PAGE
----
She’s very bright, but she’s also opinionated. Sometimes that’s great, like when she’s with friends who may not be doing the right thing. Other times, it’s not so great, like when she disagrees with one of my parenting decisions.

She’s not the type to do anything the easy way. She’s not the type to mindlessly follow arbitrary rules. She’s strong, intelligent, and forthright.

Because of her bold personality, she is the most difficult child to parent that I have. she takes more parenting energy than my other three kids COMBINED!

I can’t wait to see what she does with her life, because it’s going to be amazing.

That is, if we don’t kill one another first.

You who have these bold, challenging kids know exactly what I mean.

I’ve read Dobson’s Strong-Willed Child three times.

The first two times, I cried.

I’d already tried everything in there and it just wasn’t working.

Many people tell me about their Challenging Children and I smile and tell them that I have been there.

One key to maintaining my sanity while homeschooling my oldest has been autonomy.

When parents wonder how they are ever going to homeschool this touchy, perfectionistic, bossy, intelligent child, I tell them that providing as much autonomy for their kids is key. Here are some tips about autonomy that may help you manage homeschooling these feisty kids.

  • Give your child as much autonomy as he can handle. My dd bristled at being told what to do, so I tried to help her be as autonomous as possible. I encouraged her to try to figure out things on her own. However, I still needed to grade papers and give feedback.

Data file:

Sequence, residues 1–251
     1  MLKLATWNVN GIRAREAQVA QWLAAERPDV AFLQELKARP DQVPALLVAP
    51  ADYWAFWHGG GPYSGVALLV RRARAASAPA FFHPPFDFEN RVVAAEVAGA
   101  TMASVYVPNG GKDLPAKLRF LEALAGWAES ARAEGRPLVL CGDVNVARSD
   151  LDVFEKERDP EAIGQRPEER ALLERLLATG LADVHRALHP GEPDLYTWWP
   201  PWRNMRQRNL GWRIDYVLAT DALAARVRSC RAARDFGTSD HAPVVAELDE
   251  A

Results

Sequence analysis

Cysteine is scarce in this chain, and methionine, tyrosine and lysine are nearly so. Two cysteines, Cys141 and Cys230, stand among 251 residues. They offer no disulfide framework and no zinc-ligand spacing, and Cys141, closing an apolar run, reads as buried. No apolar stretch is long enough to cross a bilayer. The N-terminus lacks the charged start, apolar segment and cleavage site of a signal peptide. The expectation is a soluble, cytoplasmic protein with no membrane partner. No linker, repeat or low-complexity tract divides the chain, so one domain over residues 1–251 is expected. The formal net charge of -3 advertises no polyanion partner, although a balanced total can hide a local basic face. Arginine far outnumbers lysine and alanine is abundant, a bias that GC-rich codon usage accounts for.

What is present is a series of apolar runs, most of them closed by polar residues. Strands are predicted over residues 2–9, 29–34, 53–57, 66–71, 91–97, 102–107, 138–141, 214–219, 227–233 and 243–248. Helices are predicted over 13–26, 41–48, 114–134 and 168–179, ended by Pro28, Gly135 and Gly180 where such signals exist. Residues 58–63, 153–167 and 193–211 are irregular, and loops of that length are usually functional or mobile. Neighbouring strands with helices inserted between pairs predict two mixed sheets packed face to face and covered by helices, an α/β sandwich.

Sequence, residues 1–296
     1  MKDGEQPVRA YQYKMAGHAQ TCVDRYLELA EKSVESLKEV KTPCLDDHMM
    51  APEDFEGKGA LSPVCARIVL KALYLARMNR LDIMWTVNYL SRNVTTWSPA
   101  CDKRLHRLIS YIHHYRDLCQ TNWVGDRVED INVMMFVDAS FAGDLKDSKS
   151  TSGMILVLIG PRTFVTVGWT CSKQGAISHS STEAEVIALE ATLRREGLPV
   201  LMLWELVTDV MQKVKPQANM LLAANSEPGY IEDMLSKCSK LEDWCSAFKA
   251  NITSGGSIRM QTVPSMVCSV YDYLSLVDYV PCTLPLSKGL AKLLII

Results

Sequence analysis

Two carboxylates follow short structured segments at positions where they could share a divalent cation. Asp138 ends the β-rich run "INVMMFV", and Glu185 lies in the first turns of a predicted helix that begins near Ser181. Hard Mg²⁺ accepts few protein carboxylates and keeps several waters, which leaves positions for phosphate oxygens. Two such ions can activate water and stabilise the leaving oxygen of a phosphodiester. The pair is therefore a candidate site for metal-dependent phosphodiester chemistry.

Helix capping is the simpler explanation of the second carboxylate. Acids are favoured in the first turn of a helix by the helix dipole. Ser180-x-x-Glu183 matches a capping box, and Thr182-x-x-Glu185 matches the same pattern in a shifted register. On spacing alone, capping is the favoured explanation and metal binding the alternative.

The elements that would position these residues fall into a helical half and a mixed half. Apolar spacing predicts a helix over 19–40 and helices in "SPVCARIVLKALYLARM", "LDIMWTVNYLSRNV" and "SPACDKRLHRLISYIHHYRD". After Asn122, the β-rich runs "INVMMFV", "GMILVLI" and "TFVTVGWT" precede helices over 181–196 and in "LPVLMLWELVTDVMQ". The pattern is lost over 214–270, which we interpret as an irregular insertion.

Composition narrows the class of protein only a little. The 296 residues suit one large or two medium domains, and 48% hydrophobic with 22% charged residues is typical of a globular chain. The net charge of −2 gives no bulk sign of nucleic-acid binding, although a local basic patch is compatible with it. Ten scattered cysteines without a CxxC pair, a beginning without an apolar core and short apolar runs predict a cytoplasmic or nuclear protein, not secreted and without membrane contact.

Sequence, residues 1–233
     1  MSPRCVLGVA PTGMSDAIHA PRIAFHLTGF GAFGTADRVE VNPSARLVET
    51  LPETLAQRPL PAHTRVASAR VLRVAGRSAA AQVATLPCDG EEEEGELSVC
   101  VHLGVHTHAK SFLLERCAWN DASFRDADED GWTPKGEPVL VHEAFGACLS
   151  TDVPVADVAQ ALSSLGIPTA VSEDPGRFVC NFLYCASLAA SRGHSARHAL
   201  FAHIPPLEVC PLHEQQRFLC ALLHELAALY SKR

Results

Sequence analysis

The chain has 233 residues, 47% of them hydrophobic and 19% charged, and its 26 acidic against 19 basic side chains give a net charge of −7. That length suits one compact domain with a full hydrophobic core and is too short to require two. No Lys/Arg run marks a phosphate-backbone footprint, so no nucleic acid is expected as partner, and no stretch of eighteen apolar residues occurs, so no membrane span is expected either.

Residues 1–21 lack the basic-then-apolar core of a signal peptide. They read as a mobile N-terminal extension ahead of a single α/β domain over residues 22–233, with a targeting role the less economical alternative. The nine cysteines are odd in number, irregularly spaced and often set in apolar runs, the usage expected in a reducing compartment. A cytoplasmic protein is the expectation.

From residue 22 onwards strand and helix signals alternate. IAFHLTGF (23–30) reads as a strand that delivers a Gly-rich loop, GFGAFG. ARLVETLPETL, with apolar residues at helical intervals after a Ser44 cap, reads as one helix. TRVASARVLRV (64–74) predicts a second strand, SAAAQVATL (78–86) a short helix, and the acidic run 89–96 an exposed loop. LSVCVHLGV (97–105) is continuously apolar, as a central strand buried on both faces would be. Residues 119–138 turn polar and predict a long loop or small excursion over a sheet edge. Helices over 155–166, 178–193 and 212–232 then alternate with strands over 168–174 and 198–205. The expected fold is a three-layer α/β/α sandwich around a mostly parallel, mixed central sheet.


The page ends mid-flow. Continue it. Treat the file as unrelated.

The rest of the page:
• Assignment lists are good. She could tackle stuff in whatever order she wanted, she could school wherever she wanted, she could listen to music or whatever, as long as it was working.
  • I told her that she would only be granted as much autonomy as she could handle. So if working upstairs on the couch made her work so sloppy I couldn’t read it, then she’d be back at the table.
  • Make contracts in writing about neatness, timeliness, and corrections.
  • My strong personality kid would get frustrated if she wasn’t told ahead of time stuff like “If it’s not neat, you will redo it.” and it needed to be in writing so I’d have proof that it was told to her.
  • Use as much online/computer based stuff as you can. Using a virtual school has been a Godsend for our high school years. She also loved Teaching Textbooks for math before virtual school happened.

These kids are great kids. Sometimes that greatness does get lost under a facade of grumpiness, self-centeredness, and a seeming rebellious attitude, but eventually, most of them will come around.

If you are in the trenches with your challenging child, hang in there.

My challenging kid is 16 and I am just now beginning to see glimpses of what she is going to become.

It seems that more and more often I am seeing a lovely lady peeking out between the mouthy arguments and irritable nature.

Tiny glimpses of a real person are just beginning to unfold, like a tiny rosebud just opening up.

I can’t wait to see what the flower is going to look like.



Choosing Your Homeschooling Style

Yesterday, I talked about the Best Way to Homeschool, and I had to clue you into the fact that there really is no best way to homeschool. Sadly, we have to muddle through and figure out what works for our families and our lifestyles.

However, the fun, exciting fact is this: When you tailor your homeschool style to your life, you will soon find that homeschooling is easier than you imagined.

Think of it this way: If you walk around in shoes all day long that are either a bit to tight or a smidgen too large, you may be able to get things done. But, you won’t get them done as efficiently as if you are wearing shoes that fit perfectly. Additionally, your shoes have to be appropriate for your activities. You wouldn’t wear ballet slippers to go for a jog, nor would you wear your Nikes to go ballroom dancing.

When your homeschool works well with your personality style and those of your kids, homeschooling comes a whole lot easier. You will be operating in the “Sweet Spot.” While you still will have to put in the hard work to make it happen, it will be easier to get motivated to get started when the core of your homeschool dove-tails with your own personal style.